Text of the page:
News / Calgary

Half a million needles handed out as harm reduction program grows in Calgary

Nearly half a million needles were handed out in Calgary last year as uptake of safe-injection services offered through Alberta Health Services’ Safeworks program continues to rise.

According to AHS data provided to Metro, 499,086 needles were distributed through the harm-reduction program in Calgary last year, an increase of roughly 27 per cent from the 390,285 handed out in 2011.

Debbie Newman, executive director with the Calgary Drop-In and Rehab Centre, which offers a needle-exchange program to its clients through Safeworks, said the increase is encouraging, on the whole.

“The fact that they see more needle users, that’s not necessarily a good thing,” she said. “But the fact that they are reaching out to people at Alberta Health Services is a positive thing in my mind.”

Newman said the needle exchange offers a chance for intravenous drug users to engage with social-service providers and build relationships — and trust — with people who can help connect them with health care and addictions treatment.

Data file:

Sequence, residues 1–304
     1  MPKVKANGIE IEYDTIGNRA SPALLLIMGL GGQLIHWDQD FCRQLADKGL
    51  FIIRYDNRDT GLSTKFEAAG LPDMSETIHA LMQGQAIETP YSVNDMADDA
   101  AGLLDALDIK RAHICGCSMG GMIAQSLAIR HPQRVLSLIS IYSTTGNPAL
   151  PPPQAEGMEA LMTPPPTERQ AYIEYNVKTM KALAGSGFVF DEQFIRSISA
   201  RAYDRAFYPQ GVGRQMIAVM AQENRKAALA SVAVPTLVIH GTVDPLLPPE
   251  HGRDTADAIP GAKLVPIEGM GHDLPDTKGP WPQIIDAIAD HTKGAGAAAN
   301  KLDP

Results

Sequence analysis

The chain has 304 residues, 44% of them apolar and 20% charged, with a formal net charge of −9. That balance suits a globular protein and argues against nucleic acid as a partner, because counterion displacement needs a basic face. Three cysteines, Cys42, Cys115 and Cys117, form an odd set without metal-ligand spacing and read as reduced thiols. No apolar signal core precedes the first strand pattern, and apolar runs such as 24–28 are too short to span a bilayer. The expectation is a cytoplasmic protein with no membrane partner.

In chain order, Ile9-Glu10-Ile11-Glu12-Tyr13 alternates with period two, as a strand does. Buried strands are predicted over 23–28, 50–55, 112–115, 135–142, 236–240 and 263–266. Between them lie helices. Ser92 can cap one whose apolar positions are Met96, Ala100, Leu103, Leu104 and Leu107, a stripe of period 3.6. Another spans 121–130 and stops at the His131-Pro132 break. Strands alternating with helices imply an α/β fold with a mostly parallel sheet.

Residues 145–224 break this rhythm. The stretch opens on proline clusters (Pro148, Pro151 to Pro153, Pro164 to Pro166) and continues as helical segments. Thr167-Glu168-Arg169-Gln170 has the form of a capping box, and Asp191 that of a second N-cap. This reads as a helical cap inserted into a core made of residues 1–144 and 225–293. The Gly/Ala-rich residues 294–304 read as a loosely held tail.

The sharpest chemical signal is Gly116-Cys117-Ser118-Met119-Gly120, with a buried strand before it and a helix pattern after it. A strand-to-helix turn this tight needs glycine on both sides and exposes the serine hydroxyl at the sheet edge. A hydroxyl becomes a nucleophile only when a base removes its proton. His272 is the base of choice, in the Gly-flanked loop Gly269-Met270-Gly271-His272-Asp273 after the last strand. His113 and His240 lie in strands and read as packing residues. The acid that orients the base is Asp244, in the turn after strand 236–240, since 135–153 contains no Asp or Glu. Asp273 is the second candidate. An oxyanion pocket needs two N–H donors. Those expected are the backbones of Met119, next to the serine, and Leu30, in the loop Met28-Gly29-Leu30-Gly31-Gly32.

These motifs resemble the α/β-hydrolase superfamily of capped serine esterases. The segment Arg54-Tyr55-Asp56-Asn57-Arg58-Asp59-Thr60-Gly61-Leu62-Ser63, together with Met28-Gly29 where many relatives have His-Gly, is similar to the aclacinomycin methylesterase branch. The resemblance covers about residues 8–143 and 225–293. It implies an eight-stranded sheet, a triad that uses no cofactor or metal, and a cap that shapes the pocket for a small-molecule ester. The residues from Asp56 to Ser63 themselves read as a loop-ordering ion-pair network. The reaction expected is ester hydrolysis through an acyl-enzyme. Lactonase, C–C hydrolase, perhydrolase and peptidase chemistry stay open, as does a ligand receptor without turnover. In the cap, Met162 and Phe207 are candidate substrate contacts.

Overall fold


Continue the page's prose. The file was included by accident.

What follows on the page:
“Harm reduction goes much further than just handing out a needle,” she stressed. “It’s promoting safe practices, it’s talking about interventions where you can try to get people to reduce needle usage, go into treatment (or) refer to them other services that may be available.”

Newman said drug suppliers have been producing larger volumes of narcotics for less cost and making the substances more easily accessible to marginalized people.

Calgary police saw heroin charges increase by 26 per cent last year as compared to 2013, a change they attributed to increased enforcement.

While the number of needles distributed through Safeworks has risen, the number of syringes collected by the Calgary Fire Department through its Safe Streets deposit boxes has dropped by almost 40 per cent since 2006.

Fire department spokeswoman Carol Henke said the needle-collection program will continue, but the lower numbers they're seeing may free up resources for other tasks.

“Where it really can affect our front-line service to Calgarians is when less needles wind up on the streets, in parking lots, in playgrounds (and) in school yards,” she said.

“We get called through 911 or through the non-emergency line to go and retrieve those safely so that they aren’t putting Calgarians at risk,” Henke added. “The less calls like that that we get, that frees up our front-line services for our high-priority work.”

Since 2011, the AHS Safeworks Harm Reduction Program has distributed more than 1.8 million needles.

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